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The Journal of Spirituality, Leadership and Management

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Confronted by today’s epidemic of corporate meltdowns, broken institutional paradigms, unethical decision-making, and demand for innovative competencies in order to remain competitive, educators and researchers are challenged to examine how today’s future leaders develop the skill and will to be effective. Whether labeled GenY, Generation Next, Generation Tech or Millennials (i.e. individuals born between 1982 and 2003), this group of change agents differs in attitudes, behaviors, and intrinsic and extrinsic motivations from older generations (e.g. Taylor & Keeter, 2010; Twenge, Campbell & Freeman, 2012). The scholarly debate on the role of meaning making (Park, 2005) describes the Millennial on a continuum from being community-minded and actively seeking meaning (e.g. Drath & Palus, 1994; Gehrke, 2008) to being less interested in meaning making and purpose (Twenge et al., 2012). This study examines the relationships between two meaning making constructs, flourishing and religiosity, and proactive leadership development in college students (N=282). Both flourishing and religiosity were significantly related to leadership development, and the relationship between flourishing and leadership development was partially accounted for by perceived climate for leadership development. Our study has implications for both researchers and educators as we seek to understand how Millennials develop into values-based leaders.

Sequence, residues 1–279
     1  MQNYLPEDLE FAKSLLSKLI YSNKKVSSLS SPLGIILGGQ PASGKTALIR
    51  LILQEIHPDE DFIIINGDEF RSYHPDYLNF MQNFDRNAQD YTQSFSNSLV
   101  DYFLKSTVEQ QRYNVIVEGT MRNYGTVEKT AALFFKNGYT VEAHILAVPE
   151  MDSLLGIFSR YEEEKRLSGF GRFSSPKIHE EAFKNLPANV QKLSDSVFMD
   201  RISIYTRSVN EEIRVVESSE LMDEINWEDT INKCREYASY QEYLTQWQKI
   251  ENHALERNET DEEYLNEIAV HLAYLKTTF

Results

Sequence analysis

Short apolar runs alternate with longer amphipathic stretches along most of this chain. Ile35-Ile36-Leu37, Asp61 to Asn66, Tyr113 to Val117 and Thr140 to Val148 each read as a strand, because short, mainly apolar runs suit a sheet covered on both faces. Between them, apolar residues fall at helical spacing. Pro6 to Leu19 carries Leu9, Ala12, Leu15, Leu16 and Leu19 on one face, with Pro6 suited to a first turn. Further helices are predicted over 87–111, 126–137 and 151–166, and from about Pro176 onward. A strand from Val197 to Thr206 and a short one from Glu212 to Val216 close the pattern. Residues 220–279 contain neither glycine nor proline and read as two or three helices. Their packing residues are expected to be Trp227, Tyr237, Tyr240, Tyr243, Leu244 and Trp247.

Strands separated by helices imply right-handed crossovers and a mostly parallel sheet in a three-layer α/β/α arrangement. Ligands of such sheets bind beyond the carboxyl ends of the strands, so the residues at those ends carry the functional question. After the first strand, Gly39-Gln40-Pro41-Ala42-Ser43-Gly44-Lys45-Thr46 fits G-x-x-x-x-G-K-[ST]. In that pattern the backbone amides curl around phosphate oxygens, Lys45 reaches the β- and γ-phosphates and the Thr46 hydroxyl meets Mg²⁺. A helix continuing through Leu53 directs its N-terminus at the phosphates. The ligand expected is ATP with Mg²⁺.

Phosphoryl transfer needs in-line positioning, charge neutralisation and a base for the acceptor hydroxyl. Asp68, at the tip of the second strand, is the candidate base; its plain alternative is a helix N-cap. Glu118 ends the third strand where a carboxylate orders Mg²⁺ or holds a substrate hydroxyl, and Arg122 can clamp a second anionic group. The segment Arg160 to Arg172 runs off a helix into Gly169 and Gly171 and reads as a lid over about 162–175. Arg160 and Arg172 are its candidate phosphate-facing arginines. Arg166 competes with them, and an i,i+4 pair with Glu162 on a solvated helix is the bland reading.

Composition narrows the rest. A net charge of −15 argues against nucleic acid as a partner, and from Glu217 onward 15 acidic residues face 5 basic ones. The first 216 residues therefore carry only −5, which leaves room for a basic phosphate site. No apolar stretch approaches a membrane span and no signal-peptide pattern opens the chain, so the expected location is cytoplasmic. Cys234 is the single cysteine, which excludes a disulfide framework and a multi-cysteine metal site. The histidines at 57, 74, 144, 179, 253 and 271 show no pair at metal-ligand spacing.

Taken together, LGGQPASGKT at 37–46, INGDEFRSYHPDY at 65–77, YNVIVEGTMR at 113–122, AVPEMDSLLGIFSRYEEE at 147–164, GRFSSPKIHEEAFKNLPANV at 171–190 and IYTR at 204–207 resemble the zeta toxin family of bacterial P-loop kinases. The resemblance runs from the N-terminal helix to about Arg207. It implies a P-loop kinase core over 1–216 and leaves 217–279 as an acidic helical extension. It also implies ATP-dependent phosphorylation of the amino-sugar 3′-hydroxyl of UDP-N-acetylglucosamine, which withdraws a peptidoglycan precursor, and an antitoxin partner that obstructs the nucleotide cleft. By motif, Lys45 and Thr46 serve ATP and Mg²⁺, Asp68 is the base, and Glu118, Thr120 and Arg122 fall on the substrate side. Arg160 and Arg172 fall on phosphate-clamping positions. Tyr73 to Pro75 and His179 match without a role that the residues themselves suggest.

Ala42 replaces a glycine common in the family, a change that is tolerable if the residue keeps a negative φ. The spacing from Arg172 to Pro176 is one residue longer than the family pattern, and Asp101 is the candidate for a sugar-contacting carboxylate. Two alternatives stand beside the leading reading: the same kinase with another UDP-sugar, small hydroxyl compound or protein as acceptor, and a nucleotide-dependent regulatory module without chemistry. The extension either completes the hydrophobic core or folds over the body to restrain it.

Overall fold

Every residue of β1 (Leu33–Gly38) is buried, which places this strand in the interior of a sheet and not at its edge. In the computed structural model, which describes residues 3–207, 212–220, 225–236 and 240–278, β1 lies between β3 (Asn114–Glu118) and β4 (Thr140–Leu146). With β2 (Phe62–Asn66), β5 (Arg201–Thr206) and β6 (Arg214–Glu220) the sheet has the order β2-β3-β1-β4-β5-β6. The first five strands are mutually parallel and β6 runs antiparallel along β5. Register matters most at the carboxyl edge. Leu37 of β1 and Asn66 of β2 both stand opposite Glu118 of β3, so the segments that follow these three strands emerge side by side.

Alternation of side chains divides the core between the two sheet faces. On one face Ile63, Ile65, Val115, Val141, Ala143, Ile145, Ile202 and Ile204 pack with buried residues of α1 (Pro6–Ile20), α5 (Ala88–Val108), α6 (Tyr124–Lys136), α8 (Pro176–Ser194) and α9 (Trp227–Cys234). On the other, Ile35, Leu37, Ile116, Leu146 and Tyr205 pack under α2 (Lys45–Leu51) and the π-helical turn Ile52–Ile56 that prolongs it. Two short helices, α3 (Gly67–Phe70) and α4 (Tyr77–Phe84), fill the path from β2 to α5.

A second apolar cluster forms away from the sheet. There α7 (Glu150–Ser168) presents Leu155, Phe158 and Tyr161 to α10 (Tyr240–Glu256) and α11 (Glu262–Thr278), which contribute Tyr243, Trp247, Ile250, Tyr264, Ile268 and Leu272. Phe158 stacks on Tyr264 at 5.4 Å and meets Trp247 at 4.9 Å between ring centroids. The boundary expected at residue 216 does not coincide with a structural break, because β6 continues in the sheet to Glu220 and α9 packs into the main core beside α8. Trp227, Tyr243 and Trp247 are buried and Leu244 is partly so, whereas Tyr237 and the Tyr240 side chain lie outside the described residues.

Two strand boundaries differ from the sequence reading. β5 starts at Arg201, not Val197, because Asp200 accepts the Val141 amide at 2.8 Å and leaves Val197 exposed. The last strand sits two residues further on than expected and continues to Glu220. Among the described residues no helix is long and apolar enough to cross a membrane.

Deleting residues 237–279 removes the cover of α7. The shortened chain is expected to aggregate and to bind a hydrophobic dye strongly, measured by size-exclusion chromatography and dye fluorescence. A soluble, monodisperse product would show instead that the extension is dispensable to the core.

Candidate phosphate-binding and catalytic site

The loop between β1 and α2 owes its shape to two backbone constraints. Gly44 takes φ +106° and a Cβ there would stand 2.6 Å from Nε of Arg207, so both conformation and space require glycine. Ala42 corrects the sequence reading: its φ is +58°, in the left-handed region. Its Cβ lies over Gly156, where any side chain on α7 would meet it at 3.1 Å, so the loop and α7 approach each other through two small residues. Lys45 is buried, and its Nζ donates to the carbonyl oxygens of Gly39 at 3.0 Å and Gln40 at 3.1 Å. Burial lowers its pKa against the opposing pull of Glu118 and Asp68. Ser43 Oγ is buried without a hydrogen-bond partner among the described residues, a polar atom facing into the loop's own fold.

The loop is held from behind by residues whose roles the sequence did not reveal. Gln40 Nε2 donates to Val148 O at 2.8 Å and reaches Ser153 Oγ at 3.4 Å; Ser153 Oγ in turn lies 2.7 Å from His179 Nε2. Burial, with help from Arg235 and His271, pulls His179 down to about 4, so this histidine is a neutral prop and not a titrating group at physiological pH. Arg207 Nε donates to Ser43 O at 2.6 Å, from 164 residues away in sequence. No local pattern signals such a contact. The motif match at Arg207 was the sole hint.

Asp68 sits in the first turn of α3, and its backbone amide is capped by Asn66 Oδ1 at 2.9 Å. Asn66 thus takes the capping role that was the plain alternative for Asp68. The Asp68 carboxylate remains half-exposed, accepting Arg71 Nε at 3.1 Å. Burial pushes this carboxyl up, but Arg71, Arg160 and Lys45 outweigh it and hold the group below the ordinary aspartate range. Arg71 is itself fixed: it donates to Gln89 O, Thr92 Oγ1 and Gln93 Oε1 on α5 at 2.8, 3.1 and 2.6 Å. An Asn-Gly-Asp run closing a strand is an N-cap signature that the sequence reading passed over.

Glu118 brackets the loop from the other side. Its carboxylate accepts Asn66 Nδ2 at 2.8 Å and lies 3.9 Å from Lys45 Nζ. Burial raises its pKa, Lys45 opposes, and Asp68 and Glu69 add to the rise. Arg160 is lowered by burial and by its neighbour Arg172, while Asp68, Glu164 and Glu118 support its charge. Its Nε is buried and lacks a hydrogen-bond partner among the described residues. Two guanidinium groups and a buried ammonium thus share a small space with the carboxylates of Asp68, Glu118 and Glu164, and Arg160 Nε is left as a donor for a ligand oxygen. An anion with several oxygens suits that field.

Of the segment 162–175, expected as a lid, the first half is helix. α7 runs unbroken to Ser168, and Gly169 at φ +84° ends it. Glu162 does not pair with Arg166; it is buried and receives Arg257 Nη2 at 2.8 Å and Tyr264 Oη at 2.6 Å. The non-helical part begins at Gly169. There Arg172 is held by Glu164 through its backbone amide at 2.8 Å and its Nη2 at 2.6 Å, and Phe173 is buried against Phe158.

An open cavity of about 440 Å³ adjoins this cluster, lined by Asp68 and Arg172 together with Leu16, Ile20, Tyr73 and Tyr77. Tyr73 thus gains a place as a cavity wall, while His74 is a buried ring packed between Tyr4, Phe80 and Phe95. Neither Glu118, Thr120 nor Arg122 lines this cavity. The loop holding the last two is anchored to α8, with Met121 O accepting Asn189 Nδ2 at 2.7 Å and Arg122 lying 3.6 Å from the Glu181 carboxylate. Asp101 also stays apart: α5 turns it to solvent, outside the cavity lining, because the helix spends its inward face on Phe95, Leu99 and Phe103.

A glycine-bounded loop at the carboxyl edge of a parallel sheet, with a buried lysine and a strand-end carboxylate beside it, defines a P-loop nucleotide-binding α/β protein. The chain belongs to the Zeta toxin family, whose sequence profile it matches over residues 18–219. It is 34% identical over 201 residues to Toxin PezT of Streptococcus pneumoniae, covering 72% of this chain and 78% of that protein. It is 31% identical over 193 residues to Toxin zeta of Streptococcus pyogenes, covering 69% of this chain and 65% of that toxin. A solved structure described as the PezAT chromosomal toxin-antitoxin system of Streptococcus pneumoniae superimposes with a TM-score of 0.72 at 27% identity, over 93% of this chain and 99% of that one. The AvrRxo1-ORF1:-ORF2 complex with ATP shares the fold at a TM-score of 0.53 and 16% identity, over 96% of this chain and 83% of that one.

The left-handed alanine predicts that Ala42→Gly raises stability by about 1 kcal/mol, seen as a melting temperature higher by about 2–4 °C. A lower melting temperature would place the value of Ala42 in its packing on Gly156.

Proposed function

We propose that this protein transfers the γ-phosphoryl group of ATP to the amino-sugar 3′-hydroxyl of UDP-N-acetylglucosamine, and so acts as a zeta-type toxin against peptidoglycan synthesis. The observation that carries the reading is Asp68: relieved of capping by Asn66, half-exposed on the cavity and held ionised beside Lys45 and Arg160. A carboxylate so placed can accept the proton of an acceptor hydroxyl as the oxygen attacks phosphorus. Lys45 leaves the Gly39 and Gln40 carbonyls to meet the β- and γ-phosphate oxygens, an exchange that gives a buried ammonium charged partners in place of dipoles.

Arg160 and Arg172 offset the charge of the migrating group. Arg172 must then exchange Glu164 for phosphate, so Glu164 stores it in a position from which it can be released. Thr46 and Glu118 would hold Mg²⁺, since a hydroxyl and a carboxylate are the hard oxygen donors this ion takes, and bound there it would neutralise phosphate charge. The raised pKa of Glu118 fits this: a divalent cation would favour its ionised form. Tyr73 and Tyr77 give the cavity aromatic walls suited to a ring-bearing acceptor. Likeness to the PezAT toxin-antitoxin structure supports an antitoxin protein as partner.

Originally published by Spirituality, Leadership, and Management Inc. in , Journal of Spirituality, Leadership and Management, 2012, vol. 6, no. 1. DOI: 10.15183/slm2012.06.1115